The COVID-19 virus could dampen 2020 volumes due to the extension of the Chinese New Year holidays and emergency measures to curb the spread of the virus, A.P. Moller-Maersk has reported.
The outbreak of the virus has introduced additional challenges and risks to Maersk’s operations and the shipping company has already undertaken specific measures to ensure the health and safety of its employees globally.
In its 2019 annual report, Maersk stated: “Fear of the virus and the efforts to prevent its spread will see an increasing pressure on the supply-demand balance.
“It is still early days to measure the overall impact, however, the weekly container vessels at key Chinese ports were significantly down compared to last year during the last weeks of January and the first weeks of February.”
Freight rates are expected to decrease due to dropping demand for containerised goods transport and the outbreak has led to delays in opening of Chinese shipping yards following the Chinese New Year holidays.
This has delayed planned yard works, including some planned installations of scrubbers on Maersk vessels.
The outlook and guidance for 2020 is subject to significant uncertainties and impacted by the COVID-19 virus as it has lowered visibility on what to expect in 2020.
However, for the overall year of 2019, Maersk improved earnings and free cash flow despite weaker market conditions and global container growth of only 1.4% year-on-year.
The company’s earnings before interest, tax, depreciation and amortisation (EBITDA) improved 14% to US%5.6bn compared to 2018 and its EBITDA margin increased to 14.7%.
Revenue decreased slightly to US$38.9bn in 2019 from US$39.3bn while free cash flow was US$6.8bn (up from US$5.1bn in 2018) and CAPEX declined by US$1.2bn to US$2bn in 2019.
Søren Skou, CEO of A.P. Moller-Maersk, said: “Despite weaker market conditions, A.P. Moller-Maersk was able to improve profitability and cash flow. Our cash return was healthy, and we continued the reduction of net interest-bearing debt, leading to a further deleveraging of US$3.3bn over the year.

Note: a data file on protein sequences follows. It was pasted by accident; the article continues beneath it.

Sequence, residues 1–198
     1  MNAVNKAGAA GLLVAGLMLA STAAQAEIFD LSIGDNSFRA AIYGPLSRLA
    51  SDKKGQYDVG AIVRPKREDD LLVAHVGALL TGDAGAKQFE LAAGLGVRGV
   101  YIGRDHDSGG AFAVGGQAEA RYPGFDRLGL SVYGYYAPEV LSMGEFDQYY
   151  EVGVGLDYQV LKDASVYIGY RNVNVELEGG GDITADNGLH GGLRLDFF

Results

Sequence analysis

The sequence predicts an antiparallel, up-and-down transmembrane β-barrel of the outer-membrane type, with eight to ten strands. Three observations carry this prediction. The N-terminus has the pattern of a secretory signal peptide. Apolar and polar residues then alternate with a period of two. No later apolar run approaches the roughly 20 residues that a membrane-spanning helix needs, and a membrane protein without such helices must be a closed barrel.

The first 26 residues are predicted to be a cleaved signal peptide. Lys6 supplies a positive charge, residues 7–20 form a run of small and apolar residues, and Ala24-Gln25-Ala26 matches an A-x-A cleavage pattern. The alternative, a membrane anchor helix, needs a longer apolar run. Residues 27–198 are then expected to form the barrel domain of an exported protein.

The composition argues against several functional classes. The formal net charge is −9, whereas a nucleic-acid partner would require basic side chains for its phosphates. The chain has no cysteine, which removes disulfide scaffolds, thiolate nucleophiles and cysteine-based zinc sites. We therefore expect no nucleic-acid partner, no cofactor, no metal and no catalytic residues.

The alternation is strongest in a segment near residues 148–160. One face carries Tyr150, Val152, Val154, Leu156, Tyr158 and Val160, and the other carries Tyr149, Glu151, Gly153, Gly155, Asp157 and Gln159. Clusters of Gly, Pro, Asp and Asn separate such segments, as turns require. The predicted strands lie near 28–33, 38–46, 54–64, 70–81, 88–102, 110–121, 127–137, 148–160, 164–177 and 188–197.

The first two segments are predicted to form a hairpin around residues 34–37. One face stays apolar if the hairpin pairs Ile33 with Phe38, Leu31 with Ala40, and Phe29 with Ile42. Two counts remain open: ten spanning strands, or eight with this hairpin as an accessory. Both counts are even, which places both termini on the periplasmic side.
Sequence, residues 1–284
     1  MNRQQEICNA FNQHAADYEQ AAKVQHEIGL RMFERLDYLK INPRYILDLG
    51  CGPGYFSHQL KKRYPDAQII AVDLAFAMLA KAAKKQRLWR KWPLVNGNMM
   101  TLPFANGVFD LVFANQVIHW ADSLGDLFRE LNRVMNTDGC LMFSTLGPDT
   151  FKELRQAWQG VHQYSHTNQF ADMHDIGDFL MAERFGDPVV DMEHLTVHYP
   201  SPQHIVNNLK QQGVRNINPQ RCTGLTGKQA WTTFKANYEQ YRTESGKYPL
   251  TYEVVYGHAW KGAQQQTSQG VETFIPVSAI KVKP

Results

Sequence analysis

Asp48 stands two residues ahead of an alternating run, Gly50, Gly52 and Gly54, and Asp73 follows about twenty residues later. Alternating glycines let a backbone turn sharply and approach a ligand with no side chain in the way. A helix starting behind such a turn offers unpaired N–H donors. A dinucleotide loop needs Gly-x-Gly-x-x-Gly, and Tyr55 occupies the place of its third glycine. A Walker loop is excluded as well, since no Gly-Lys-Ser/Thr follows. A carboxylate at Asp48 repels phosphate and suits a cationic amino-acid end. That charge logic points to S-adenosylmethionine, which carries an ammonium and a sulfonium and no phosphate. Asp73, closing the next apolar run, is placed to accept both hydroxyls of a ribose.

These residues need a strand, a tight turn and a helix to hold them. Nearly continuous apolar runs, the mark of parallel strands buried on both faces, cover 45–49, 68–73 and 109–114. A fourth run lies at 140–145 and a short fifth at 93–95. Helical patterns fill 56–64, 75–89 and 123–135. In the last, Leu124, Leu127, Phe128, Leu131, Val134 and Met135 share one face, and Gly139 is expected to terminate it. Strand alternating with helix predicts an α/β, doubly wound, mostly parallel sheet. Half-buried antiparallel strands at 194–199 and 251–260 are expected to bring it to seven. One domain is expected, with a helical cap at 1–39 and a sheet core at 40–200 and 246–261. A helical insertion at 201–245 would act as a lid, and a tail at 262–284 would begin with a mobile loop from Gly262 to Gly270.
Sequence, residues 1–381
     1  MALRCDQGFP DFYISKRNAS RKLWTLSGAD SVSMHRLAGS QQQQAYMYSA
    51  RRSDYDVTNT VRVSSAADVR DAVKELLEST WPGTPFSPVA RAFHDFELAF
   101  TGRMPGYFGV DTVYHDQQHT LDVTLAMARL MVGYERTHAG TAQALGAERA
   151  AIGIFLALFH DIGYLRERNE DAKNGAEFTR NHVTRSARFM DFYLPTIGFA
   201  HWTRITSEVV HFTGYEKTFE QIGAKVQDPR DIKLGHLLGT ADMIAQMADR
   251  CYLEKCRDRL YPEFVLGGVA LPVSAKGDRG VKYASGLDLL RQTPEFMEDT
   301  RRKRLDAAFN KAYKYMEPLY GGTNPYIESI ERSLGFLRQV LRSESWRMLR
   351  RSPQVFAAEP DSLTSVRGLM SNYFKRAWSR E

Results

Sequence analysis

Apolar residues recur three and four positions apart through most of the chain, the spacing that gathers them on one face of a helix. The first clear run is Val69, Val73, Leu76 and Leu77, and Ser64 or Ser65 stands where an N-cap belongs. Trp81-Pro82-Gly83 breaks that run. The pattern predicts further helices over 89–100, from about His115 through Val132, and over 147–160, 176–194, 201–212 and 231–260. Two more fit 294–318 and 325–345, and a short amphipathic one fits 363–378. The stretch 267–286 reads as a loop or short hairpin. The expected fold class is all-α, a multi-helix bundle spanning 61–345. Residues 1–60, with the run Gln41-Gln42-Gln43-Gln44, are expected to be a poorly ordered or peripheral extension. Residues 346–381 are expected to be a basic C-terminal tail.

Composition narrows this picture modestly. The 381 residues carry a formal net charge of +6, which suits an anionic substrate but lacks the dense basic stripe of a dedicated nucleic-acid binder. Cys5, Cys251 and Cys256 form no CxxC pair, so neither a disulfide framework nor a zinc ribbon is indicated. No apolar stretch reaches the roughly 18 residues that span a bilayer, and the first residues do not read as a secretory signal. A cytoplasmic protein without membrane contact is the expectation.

“It gives us a solid starting point for 2020 to further expand our end-to-end offering within container logistics while at the same time managing the market challenges that are obviously out there.”
In Ocean, EBITDA increased 15% to US$4.4bn and the EBITDA margin of 15.3% increased by two percentage points, driven by a lower cost base.
Revenue was US$28.4bn with a small decrease in volumes to 13.3m forty-foot equivalent units (FFE).
Unit cost at fixed bunker decreased by 1.7%, mainly due to improvements in capacity management and foreign exchange rate developments.
For logistics & services the EBITDA increased 24% to US$238m with an EBITDA margin of 4% while revenue decreased slightly to US$6bn from US$6.1bn, driven by a decrease in sea and air freight forwarding activity which was only partly offset by an increase in warehousing and distribution.
Terminals & Towage reported an 11% increase in EBITDA to US$1.1bn with a margin of 28.4% and revenue increased by 3.2% to US$3.9bn.
In gateway terminals EBITDA increased by 17% to US$902m, with an increase of 28% in the EBITDA margin and a 4.1% increase in revenue to US$3.2bn.
This positive development was driven by a ramp-up of Maersk’s new terminal in Moin, Costa Rica, as well as higher volumes, higher storage income and reduction in selling, general & administrative expense.
The company’s strategic focus of 2019 was to improve upon the financial performance on ocean and to create a better customer experience through increased reliability, improved customer experience and introduction of online services and products.
Maersk also took further steps in the integration of the business on a structural level and how it goes to market.
Skou said: “While we still need to improve returns, we delivered solid progress in our financial performance in 2019 while progressing the business transformation, in spite of weak trade growth, ongoing trade tensions and geopolitical uncertainty in many markets.”
Maersk expects an EBITDA of around US$5.5bn, before restructuring and integration costs, for 2020.
The guidance for this year is subject to uncertaintes related to the implementation of IMO 2020 and the impact of bunker fuel prices and freight rates combined with the weaker macroeconomic conditions and other external factors.